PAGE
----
The sultan’s grandfather, Sultan Hishamuddin Alam Shah, had worn the exquisite keris as part of his ensemble when he attended the coronation of Queen Elizabeth II in 1953. The keris that symbolises the Selangor Sultan’s right to rule, however, is the Beruk Berayun. Only those with royal blood are permitted to hold it while the look of its blade — said to be coated with poison — remains a mystery to all except the Sultan, as it can be unsheathed only when the new ruler accepts the keris upon the passing of the old one. The Beruk Berayun’s intriguing name comes from a legend that the keris had once belonged to a mighty ape who used the dagger to kill 99 people many centuries ago.



“You can see how the keris is very important for Selangor. And it was the Raja Muda of Selangor and royal patron of Yayasan Raja Muda Selangor (YRMS), DYTM Tengku Amir Shah, who came up with the idea of the exhibition,” says Sultan Sharafuddin, referring to the recently opened Keris: Power and Identity at the Islamic Arts Museum Malaysia.

In 2003, the Sultan, as its founding royal patron, envisioned YRMS to be a vehicle whereby the skills and talents of those who are not as academically inclined may be nurtured. The foundation’s programmes include cultivating creativity in sports or culinary and performing arts, skills-based training and life coaching and mentorship through self-discovery workshops. Assistance is open to all youths in the country between the ages of 18 and 29, regardless of race or religion.

On the founding of YRMS, the Sultan shares how he got the idea when he was still Raja Muda. “I was so impressed by the work The Prince’s Trust was doing,” he says, referencing King Charles III’s initiative to improve the lives of disadvantaged youths in the UK when he was Prince of Wales. “I want young people to find their strengths, find purpose ... and for the Yayasan to be a source of support so that everyone can earn a halal living.”


Chairman of YRMS Raja Tan Sri Datuk Seri Arshad Raja Tun Uda, DYMM Sultan Sharafuddin Idris Shah and Datuk Syed Haizam Jamalullail, a member of YRMS’s board of trustees (Photo: SooPhye)

It was five years ago that the Yayasan embarked on a new and exciting creative programme revolving around the keris, when it discovered that there were fewer than 10 surviving artisans in the whole of Malaysia. “We realised keris-making was a dying art. We could not even find any apprentices in Selangor,” says Raja Tan Sri Datuk Seri Arshad Raja Tun Uda, chairman of YRMS.

It was this desire to preserve an ancient art form so integral to Malay culture and identity that YRMS selected and sponsored three outstanding young men to undergo training with five renowned keris artisans from Pahang and Terengganu under its debut Talent For The World: Young Keris Makers project. The trio — Muzaffar Mohd Zafri, Ahmad Azuan Othman and Abdul Halim Zulkifli — worked with five masters, each specialising in different aspects of keris-making, from forging blades to hulu (hilt) engraving. “Their training began in 2019 and was completed this year. It was meant to finish a little earlier but the lockdowns bought us extra time,” says Datuk Syed Haizam Jamalullail, a member of YRMS’s board of trustees. Together, the protégés will present their finished works of art — Five Lok Bugis Keris with Snake Pamor, 21 Alang Keris with Sari Bulan Sampir and Bugis Blade Keris with Peacock Feather Pamor — as part of the royal exhibition.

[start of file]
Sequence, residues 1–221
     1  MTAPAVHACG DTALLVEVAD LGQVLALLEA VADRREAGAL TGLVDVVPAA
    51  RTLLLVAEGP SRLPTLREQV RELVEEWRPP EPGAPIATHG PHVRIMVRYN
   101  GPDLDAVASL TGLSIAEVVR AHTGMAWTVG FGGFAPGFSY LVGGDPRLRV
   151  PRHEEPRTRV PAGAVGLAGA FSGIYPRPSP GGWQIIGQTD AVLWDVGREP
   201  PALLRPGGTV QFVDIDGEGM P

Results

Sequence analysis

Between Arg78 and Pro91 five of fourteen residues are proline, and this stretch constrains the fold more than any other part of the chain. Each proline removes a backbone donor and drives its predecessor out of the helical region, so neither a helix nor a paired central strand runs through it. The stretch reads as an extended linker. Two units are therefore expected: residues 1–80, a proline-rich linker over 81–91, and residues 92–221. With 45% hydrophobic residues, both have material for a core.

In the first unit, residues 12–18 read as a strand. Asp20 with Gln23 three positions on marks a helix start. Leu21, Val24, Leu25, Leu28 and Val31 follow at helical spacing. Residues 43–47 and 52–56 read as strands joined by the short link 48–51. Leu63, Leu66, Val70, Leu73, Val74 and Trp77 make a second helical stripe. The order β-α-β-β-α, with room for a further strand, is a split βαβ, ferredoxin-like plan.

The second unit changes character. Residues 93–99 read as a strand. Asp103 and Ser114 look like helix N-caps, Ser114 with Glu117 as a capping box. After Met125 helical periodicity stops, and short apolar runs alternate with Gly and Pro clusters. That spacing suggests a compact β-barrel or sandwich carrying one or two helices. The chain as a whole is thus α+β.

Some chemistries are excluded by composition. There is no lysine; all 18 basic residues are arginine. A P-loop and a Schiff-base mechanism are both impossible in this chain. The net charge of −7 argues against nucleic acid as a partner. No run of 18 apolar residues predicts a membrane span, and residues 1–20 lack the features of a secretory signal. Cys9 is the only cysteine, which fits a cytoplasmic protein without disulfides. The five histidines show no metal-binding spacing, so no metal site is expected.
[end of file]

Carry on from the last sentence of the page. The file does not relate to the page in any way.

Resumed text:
Keris: Power and Identity, which also marks the inaugural collaboration between YRMS and the Islamic Arts Museum, is divided into six key sections: the keris’ Realm and History, its Art, Shared Heritage, Symbol of Sovereignty, Faith and Continuity of the Legacy. What makes it extra special is the display of 94 important keris, 59 of which are graciously on loan from Sultan Sharafuddin’s personal collection.


‘Keris: Power and Identity’ marks the inaugural collaboration between YRMS and the Islamic Arts Museum (Photo: IAMM)

“I have been collecting keris since the 1970s,” he says. Besides keris, the ruler is also a keen collector of first-edition Malay books and embodies the innate Bugis skill of exploration and seafaring, creating history in 1995 by being the first Malay royal to successfully circumnavigate the world in his yacht Jugra, covering 27,940 nautical miles in 21 months, as well as driving an antique 1932 Ford Model B car (cutely nicknamed “Humpty Dumpty”) over a distance of 16,000km in an epic road trip that criss-crossed countries and continents, taking him across China, Tibet, India, Pakistan, Iran and Turkey before journeying through most of Europe and finally finishing in France.

Sultan Sharafuddin says: “I agreed to the exhibition, as the keris is important and part of our history, our identity. Many Malays themselves do not know the stories or the meaning behind the keris and its elements. For example, did you know that the general rule for the length of a keris’ blade is supposed to be the circumference of one’s head?”